DISCUSSION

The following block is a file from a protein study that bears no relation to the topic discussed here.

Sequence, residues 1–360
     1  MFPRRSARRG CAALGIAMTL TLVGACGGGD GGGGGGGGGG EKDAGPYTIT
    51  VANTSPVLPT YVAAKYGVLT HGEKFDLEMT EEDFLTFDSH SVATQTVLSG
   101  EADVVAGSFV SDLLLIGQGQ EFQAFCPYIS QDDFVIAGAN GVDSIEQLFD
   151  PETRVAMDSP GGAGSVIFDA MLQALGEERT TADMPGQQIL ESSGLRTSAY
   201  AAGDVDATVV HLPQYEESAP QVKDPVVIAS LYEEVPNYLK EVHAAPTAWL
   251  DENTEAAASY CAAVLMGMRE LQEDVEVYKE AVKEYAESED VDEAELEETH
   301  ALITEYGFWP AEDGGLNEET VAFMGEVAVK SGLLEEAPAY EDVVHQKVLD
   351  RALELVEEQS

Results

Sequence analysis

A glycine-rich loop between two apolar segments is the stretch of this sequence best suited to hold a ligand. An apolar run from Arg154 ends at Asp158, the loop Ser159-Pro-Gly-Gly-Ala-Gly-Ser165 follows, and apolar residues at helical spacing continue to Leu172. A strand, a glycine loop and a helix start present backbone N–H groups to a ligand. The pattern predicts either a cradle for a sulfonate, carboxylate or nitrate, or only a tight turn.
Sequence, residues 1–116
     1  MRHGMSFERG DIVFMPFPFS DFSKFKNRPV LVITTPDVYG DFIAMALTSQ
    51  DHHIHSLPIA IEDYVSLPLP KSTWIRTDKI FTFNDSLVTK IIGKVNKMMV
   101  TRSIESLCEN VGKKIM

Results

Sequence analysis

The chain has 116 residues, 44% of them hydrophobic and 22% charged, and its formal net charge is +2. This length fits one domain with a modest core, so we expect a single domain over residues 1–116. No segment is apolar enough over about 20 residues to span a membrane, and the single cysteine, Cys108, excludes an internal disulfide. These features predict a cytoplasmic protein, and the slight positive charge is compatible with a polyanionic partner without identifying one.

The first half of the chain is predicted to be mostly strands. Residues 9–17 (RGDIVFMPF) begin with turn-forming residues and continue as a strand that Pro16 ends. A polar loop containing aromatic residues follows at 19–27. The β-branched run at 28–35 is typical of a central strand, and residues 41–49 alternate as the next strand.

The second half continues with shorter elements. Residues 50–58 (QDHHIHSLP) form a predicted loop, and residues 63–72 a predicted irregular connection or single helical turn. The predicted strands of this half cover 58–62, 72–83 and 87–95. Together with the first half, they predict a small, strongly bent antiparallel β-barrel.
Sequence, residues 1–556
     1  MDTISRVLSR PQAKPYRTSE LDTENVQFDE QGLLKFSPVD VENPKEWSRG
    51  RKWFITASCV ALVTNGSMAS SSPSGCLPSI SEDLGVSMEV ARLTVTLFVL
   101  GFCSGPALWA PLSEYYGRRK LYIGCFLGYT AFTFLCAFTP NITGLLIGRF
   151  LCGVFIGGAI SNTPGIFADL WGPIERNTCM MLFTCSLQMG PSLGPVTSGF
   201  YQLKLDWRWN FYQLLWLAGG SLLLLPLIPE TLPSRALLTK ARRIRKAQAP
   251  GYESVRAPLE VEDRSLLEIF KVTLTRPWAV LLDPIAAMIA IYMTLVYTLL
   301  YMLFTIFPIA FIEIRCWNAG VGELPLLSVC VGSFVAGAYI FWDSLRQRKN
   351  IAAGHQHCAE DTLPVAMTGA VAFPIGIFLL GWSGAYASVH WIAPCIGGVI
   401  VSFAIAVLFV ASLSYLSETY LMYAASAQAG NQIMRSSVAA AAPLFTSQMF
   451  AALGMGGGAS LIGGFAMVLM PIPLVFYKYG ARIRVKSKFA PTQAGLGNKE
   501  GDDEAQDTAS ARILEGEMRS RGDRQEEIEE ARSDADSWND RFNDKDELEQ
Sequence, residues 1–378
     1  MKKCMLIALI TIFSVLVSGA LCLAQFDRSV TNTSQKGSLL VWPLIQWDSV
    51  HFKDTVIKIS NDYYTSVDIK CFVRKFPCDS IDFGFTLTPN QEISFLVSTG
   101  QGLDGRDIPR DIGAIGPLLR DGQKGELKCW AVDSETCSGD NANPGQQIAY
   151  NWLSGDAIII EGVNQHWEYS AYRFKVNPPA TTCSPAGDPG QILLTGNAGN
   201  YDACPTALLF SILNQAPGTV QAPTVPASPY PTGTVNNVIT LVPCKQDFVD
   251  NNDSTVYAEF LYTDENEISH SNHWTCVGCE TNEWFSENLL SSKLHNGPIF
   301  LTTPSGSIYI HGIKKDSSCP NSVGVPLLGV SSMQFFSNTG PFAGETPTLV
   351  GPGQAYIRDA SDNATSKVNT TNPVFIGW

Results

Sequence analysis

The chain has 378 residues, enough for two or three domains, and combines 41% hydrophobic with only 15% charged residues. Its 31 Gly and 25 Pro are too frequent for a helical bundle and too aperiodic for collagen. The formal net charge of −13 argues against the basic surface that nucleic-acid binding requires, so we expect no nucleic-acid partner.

Oxidative stress plays a role in the pathophysiology of several gynecologic diseases, including ULM. Previous studies showed that multiple oxidative stress biomarkers, such as NOX4 (16), 8-OH-dG (17), and malonaldehyde (44), as well as serum oxidative stress markers (45), are increased in ULM. Moreover, unlike immortalized MM cells, activity of both catalase and extracellular SOD3 is significantly reduced in immortalized ULM cells (46). To date, our study is the most comprehensive study to investigate the redox regulatory system in exclusively patient-derived ULM and MM specimens and, thus, significantly furthers our understanding of the redox biology of ULM. We have demonstrated that patient-derived primary ULM cells are inherently characterized by an acetylation-mediated impairment of MnSOD activity compared to healthy MM cells. In ULM, inactivating acetylation of MnSOD increases the levels of mitochondrial ROS, leading to a state of persistent oxidative stress that activates AKT through oxidative inactivation of PTEN. Redox-sensitive AKT activation in turn promotes cell survival in the prooxidative ULM microenvironment (Fig. 6C). Therefore, our results point to a potential key signaling role of mitochondrial ROS and mild oxidative stress in the biology of ULM. Because of the dysfunctional MnSOD activity, ULM cells also feature a defective response to high ROS concentrations. In contrast to MM cells, whose viability is less affected by exposure to oxidants, ULM cells that are deficient in detoxifying ROS are very sensitive to high doses of O2•−-generating compounds.